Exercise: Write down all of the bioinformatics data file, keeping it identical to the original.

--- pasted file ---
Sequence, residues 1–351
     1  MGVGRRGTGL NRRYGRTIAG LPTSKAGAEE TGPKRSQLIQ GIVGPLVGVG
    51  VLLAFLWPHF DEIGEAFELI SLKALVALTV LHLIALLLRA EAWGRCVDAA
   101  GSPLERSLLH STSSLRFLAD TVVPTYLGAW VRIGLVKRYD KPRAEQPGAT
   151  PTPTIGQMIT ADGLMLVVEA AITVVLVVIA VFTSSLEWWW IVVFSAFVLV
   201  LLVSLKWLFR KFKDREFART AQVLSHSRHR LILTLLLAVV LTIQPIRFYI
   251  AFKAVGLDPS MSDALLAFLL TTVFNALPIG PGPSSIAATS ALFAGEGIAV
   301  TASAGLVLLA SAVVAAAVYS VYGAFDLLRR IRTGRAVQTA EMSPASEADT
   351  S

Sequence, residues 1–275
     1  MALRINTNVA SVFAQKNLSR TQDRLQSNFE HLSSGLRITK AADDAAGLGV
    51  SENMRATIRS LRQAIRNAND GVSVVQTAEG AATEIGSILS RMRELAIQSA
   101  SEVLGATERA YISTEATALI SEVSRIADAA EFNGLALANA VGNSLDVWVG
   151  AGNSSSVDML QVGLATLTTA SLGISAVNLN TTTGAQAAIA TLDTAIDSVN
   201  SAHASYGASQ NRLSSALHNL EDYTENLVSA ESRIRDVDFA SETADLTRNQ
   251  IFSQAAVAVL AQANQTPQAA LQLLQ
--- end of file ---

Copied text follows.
Sequence, residues 1–351
     1  MGVGRRGTGL NRRYGRTIAG LPTSKAGAEE TGPKRSQLIQ GIVGPLVGVG
    51  VLLAFLWPHF DEIGEAFELI SLKALVALTV LHLIALLLRA EAWGRCVDAA
   101  GSPLERSLLH STSSLRFLAD TVVPTYLGAW VRIGLVKRYD KPRAEQPGAT
   151  PTPTIGQMIT ADGLMLVVEA AITVVLVVIA VFTSSLEWWW IVVFSAFVLV
   201  LLVSLKWLFR KFKDREFART AQVLSHSRHR LILTLLLAVV LTIQPIRFYI
   251  AFKAVGLDPS MSDALLAFLL TTVFNALPIG PGPSSIAATS ALFAGEGIAV
   301  TASAGLVLLA SAVVAAAVYS VYGAFDLLRR IRTGRAVQTA EMSPASEADT
   351  S

Sequence, residues 1–275
     1  MALRINTNVA SVFAQKNLSR TQDRLQSNFE HLSSGLRITK AADDAAGLGV
    51  SENMRATIRS LRQAIRNAND GVSVVQTAEG AATEIGSILS RMRELAIQSA
   101  SEVLGATERA YISTEATALI SEVSRIADAA EFNGLALANA VGNSLDVWVG
   151  AGNSSSVDML QVGLATLTTA SLGISAVNLN TTTGAQAAIA TLDTAIDSVN
   201  SAHASYGASQ NRLSSALHNL EDYTENLVSA ESRIRDVDFA SETADLTRNQ
   251  IFSQAAVAVL AQANQTPQAA LQLLQ